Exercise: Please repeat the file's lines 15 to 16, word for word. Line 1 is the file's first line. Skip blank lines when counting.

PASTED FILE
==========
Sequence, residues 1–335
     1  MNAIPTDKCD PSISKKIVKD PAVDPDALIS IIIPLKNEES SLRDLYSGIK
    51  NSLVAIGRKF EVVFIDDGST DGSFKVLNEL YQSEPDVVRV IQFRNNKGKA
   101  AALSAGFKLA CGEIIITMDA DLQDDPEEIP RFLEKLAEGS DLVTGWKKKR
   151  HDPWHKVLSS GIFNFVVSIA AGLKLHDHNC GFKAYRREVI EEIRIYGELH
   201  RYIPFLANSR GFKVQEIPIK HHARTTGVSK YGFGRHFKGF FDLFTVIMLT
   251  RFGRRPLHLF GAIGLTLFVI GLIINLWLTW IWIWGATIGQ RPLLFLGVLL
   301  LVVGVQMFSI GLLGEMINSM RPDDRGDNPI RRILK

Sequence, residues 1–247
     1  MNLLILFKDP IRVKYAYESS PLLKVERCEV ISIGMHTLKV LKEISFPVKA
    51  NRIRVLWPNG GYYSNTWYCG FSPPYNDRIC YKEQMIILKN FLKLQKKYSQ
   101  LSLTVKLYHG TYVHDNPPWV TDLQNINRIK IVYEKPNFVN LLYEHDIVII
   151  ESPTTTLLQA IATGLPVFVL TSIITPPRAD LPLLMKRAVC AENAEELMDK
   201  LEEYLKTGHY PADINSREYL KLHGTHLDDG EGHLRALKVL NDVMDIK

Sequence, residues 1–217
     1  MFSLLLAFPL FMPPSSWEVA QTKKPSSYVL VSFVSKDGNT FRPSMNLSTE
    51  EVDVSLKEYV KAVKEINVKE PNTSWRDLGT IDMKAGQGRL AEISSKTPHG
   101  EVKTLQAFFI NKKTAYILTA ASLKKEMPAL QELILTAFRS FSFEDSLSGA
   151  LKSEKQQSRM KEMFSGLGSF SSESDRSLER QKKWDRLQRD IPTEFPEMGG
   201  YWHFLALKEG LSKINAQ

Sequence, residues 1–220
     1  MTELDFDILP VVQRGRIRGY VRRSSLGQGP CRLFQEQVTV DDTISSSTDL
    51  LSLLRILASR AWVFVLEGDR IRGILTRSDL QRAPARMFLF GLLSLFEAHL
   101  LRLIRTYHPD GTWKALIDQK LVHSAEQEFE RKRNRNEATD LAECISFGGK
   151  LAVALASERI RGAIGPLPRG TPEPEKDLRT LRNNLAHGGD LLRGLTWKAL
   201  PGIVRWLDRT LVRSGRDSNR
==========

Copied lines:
Sequence, residues 1–217
     1  MFSLLLAFPL FMPPSSWEVA QTKKPSSYVL VSFVSKDGNT FRPSMNLSTE